A few words about LED life...

Under normal operating conditions (not overly heated during soldering and limited to 20ma of current), our LEDs can be expected to last on average, about 80,000 hours before brightness begins to substantially reduce. Some manufacturers will spec their LEDs at 100,000 hours, but if you look at the fine print, or talk to their engineers, that's when their LED goes completely dark (no output). Besides, 80,000 hours equals a little more than 27 years if you were to operate the device for 8 hours every single day! By that time, we'll probably want to redo our project anyway.

One thing that has a direct impact on an LED's life expectancy is the current it draws. If we operate an LED at reduced current, we will extend it's life even further. At greatly reduced levels, it can last almost indefinitely!

Conversely, if we allow it to see current above the nominal rating (20ma), it's life will be much shorter. Unfortunately, the relationship between LED life and current is not linear like the relationship between current and brightness. Operating an LED at 50% over the rated current level, or 30ma, can reduce it's life by 80%. It'll be really bright, but not for long... If you plan to operate our LEDs at current levels above 30ma, they may behave like flashbulbs.

However (yep, another however), you can subject LEDs to incredibly huge levels of current (175ma) providing it is pulsed current at 1/10 duty cycle, 0.1ms (one ten-thousandth of a second) pulse width. Pulsing LEDs is a discussion for another time. Besides, these levels of brightness (overwhelming brightness) really don't lend themselves comfortably to applications in model railroading.

OK, why even mess with LED brightness?...

Well, because there are situations where it can have a major impact on the visual effect you want to present. Here are some examples:

  1. A traffic signal. With our Micro LEDs, we can build a traffic signal that is fully functional in N-Scale and prototypical in size. We could even include the Walk/Don't Walk feature seen on most now days. Our Micro LEDs have a brightness output of: Red - 20mcd, Yellow - 15mcd, and Green 2mcd. Does this mean that the Red is 10 times brighter than the Green? Well, yes but... We don't see it as a full 10 times brighter because our eyes are much more sensitive to the green spectrum than they are to red. Therefore, we'll need to reduce the Red LED output by around 50-70% to balance in appearance for a realistic look. We'll also want to reduce the Yellow a fair amount. We could crank up the Green, but we'll shorten it's life and it can be easily seen at it's standard brightness level.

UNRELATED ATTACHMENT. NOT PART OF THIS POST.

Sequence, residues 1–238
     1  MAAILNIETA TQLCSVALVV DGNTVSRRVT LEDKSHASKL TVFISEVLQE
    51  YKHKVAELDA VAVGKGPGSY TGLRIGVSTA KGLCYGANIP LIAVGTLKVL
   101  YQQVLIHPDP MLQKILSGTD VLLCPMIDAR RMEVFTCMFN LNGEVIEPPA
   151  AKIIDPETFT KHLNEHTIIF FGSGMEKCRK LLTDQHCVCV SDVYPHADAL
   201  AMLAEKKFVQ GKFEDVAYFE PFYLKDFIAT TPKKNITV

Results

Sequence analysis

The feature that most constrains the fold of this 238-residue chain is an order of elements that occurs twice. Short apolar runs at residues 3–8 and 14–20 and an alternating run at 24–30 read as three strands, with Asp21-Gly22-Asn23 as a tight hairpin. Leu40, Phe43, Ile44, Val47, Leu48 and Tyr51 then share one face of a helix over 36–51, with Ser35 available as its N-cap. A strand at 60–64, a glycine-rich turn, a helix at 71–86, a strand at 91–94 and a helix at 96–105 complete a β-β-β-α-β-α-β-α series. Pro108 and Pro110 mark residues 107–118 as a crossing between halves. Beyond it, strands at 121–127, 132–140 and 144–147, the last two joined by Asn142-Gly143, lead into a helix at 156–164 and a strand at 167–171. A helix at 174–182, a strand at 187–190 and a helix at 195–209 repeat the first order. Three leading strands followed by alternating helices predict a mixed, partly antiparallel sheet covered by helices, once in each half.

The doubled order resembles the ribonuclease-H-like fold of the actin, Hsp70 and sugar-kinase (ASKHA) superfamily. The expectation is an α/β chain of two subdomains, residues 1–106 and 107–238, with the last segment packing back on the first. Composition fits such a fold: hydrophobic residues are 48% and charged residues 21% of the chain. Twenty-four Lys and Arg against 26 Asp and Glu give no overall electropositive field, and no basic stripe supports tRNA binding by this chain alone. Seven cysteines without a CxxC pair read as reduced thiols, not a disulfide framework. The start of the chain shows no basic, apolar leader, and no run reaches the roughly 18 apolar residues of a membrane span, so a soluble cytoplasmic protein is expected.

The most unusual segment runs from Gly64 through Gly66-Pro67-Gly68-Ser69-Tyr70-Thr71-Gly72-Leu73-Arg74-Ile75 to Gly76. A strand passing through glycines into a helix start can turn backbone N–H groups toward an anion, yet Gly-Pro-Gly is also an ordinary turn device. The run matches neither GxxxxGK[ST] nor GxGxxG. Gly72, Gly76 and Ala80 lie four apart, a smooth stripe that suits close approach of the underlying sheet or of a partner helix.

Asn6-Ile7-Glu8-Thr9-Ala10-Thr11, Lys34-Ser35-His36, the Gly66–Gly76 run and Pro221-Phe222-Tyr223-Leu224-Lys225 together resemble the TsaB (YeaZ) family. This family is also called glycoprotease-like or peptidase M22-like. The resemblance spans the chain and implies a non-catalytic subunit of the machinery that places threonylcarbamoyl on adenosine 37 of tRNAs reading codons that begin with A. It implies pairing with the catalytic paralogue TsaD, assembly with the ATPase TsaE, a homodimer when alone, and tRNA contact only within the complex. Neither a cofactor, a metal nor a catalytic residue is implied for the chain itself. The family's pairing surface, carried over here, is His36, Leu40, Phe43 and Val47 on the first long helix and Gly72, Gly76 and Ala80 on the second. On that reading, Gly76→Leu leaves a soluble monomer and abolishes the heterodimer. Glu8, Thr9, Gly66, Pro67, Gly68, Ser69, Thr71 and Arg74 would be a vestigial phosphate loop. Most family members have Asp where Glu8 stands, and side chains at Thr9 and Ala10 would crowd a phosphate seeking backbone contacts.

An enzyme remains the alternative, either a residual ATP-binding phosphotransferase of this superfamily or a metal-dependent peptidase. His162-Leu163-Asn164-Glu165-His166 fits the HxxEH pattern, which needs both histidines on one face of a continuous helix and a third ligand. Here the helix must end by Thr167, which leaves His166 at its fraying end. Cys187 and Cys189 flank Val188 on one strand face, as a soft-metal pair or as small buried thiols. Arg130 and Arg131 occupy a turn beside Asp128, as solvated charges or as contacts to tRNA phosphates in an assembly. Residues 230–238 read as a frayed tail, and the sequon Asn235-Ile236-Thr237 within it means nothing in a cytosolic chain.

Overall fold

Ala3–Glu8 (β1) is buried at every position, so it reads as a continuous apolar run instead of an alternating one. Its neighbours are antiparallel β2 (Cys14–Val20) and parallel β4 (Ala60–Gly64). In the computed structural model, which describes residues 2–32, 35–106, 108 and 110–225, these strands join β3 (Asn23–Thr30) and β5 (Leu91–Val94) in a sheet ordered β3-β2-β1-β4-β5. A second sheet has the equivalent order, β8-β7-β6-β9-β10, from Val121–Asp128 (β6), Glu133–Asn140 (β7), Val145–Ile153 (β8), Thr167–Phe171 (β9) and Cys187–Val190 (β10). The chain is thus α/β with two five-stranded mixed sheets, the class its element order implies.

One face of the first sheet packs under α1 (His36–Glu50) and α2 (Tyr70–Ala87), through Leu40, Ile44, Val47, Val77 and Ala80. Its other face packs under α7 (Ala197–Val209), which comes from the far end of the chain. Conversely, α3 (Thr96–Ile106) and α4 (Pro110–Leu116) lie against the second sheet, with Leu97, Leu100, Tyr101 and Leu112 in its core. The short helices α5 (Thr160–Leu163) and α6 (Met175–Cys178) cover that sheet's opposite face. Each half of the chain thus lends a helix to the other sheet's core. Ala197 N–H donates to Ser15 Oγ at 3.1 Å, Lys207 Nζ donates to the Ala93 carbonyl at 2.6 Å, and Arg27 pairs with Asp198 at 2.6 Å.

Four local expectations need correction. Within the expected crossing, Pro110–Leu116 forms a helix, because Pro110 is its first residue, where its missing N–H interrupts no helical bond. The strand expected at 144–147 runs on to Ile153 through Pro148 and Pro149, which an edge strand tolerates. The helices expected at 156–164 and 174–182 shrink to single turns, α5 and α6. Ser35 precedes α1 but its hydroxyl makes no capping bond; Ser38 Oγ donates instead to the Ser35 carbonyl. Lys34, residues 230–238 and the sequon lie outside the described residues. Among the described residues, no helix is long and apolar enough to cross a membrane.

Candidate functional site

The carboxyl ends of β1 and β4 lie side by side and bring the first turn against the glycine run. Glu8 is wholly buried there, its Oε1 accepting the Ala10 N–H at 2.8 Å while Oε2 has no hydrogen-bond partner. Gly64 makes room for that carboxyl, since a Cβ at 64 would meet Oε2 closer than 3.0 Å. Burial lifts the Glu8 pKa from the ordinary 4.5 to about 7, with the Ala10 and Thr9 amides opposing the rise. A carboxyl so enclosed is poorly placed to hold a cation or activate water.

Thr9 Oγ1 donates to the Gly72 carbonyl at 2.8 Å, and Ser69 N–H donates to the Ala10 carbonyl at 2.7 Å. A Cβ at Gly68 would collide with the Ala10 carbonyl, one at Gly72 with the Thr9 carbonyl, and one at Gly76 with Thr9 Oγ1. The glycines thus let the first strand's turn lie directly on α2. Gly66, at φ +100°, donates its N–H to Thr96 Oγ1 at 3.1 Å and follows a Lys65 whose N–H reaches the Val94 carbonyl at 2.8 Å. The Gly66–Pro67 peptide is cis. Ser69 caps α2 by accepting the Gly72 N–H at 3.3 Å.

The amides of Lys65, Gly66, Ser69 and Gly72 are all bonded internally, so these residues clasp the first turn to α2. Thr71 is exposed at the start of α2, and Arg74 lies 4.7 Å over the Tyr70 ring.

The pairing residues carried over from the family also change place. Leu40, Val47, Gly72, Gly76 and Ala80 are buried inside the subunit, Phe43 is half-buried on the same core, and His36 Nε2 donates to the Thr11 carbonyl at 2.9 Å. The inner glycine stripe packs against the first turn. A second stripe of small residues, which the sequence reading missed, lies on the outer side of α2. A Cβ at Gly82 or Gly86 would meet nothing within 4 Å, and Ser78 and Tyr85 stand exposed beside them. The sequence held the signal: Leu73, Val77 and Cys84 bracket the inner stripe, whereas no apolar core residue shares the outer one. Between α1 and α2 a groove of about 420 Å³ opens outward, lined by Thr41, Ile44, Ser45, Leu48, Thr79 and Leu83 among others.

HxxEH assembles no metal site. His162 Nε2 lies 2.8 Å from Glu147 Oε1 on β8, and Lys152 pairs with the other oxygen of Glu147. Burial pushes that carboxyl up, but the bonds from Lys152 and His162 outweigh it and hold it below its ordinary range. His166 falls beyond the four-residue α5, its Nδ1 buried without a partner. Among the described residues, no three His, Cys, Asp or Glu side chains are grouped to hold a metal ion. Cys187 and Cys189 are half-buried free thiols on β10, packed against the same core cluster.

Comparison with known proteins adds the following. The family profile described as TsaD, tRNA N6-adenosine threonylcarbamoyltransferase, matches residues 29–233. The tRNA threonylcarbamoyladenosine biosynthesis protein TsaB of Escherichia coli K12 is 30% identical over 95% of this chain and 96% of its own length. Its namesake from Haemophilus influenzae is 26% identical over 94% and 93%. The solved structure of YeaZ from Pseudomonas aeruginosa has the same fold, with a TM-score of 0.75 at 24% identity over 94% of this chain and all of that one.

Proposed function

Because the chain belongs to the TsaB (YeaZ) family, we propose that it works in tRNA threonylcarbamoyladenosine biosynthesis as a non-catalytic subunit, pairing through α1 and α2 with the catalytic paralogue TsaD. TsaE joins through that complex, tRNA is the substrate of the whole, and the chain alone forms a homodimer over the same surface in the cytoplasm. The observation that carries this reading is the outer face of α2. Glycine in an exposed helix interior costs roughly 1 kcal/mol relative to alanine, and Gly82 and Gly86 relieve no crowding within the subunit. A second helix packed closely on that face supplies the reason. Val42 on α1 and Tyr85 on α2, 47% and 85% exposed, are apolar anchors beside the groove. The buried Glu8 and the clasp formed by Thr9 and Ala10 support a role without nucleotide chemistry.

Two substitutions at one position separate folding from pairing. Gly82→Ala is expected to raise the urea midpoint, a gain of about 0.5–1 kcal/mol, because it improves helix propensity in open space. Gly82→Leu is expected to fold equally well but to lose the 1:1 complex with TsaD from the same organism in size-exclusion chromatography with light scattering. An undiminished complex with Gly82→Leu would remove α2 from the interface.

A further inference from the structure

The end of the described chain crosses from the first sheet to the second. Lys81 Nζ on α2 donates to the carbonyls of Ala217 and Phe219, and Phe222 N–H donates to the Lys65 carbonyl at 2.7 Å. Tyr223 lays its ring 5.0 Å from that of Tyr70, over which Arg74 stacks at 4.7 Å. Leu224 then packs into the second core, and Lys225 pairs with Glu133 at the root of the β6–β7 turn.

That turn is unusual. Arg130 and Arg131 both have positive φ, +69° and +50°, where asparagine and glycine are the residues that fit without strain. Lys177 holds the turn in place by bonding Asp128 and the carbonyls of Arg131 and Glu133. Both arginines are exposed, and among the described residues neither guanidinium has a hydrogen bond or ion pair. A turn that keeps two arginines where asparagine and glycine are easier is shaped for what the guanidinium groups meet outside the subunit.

If we were to get fancy and include the Walk/Don't Walk lights also, they are typically Orange for "Don't", and White for "Walk". To do this we would use two Micro (or Nano) Super-white LEDs and tint the "Don't" with Tamiya Clear Orange, then substantially reduce it's mcd output. The "Walk" light would stay white but we would very substantially reduce brightness. This way, we'll be able to admire the entire signal without being overwhelmed by one of it's features. Pretty cool, huh?

  1. Lighted feature in building window. Suppose we have a display in a store-front window, or a telephone booth in an alley, or a workbench light in a garage with it's door open. The Micro and Nano Super-white LEDs are ideal for such applications due to their size but may be way over-bright. If you light-up a store-front display with searchlight intensity, it may dampen the subtle mood your trying to convey. A workbench light that is like a halogen torchlight may blind viewers from the tools on the bench. Anyway, you see where we're going, sometimes less is more.
  2. Colored light strings in used-car lot. Because our Nano LEDs are so small, we are able to do some really creative things with them. Using two strings of LEDs, each wired in series, we'll make a Red string of four LEDs spaced about 3/4" between each LED. We use our #38 magnet wire. Then we'll make another string of three Yellow LEDs spaced the same 3/4". We'll leave 6-8" of extra wire on the ends of each string. Now we lay the two strings, one on-top of the other, so the LEDs alternate Red/Yellow/Red/Yellow/Red/Yellow/Red, and are spaced evenly. We'll twist the two strands together (not too tightly) while holding them straight. Next, we'll paint the twisted wires with Poly-Scale Night Black. If we suspend this assembly between two upright poles (or our .018" tubing with support wires), we'll have a seven-light string that will span almost 50 N-Scale feet. Next we'll pick an appropriate resistor for each (red, or yellow) "sub-string" connection to make sure one balances with the other and neither are over-bright. Two or three of these strings around a few cars and trucks on a small vacant lot in a down-town area would really draw attention.